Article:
Family alarm business grows into national leader
A business started decades ago by three Sioux Falls police officers selling alarm systems has grown into a national leader helping keep homes and businesses safe.
Back when Midwest Alarm Co. was founded in 1967, basic residential alarm systems were run off landline telephones that caused a light bulb on a wooden board to illuminate at Midwest when triggered.
It was a small business, but it was enough to attract the attention of Dallas businessman Larry McMillen, who moved to Sioux Falls and bought it in 1976.
“He had been employed by Southwestern Bell telephone and had a lot of technology experience,” his wife, Marva, explained. “So he came and bought this little business that was really nothing.”
She joined the business when they married in 1996. By then, he had grown it to the point that they could expand further.
The business still is headquartered in Sioux Falls at 2300 S. Dakota Ave. but has evolved into the Midwest’s leading provider of electronic security and fire alarm systems, and a nationally recognized systems integrator. It owns and operates the only 24-hour U.L.-listed central monitoring station in the region, a designation given to agencies that meet certain regulations and typically offer higher levels of service.
It’s also the largest fire protection services company, serving 15,000 customers from Fortune 50 companies to military bases, cities and single-family homes.
And last year, it was recognized by Honeywell as the enterprise rookie of the year, the top-performing security dealer and systems integrator, and was featured on the cover of industry-leading publication Security Sales & Integration.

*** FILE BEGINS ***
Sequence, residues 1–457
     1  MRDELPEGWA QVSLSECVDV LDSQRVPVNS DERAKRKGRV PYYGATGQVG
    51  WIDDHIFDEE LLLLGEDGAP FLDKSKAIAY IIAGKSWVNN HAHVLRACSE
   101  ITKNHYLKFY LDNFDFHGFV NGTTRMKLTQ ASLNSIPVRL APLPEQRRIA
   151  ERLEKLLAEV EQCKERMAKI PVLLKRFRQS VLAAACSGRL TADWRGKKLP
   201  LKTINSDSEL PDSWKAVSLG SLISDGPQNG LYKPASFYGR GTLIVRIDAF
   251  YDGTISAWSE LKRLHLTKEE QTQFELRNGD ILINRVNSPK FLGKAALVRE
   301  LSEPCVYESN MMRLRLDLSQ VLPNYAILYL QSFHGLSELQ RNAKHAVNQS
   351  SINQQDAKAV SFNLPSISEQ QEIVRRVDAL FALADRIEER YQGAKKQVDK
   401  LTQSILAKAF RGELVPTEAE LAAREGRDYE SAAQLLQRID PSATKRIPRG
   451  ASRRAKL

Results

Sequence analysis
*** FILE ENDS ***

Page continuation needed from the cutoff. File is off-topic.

“This is not even the same company,” McMillen said, looking back on the business her husband bought decades ago, which has grown from three people to 75 employees.
Larry and Marva began thinking about transitioning their business as soon as they got married.
“Our most important thing we thought about was our company and the value of this company to our employees and their families. We thought the best thing we could do in planning this was from the moment we got married figuring out what our succession plan would be and which child had the knowledge and aptitude.”
That thinking easily led to their son, Tyler Blake, who grew up with family dinner conversation ranging from technology to current events, “and early on we picked up that Tyler would be the one to take this to the next level,” his mother said. “He was always the child with an extreme interest in technology, and he was very, very bright and was the best fit.”
Blake was in law school in Iowa when that early family business planning came into play.
“In 2012, Larry came home after we had worked all day. It was Christmas Eve, and he sat in a chair, said he felt fluid in his stomach and had to go to the ER,” McMillen said. “Our lives changed in one split-second, and he never made it back to the company.”
Six months later, he passed away.
“I had to have the ability at that point to run these companies, keep the employees abreast of what was happening and assure them I had the ability to do it and that Tyler would be coming back into the company after law school,” McMillen said.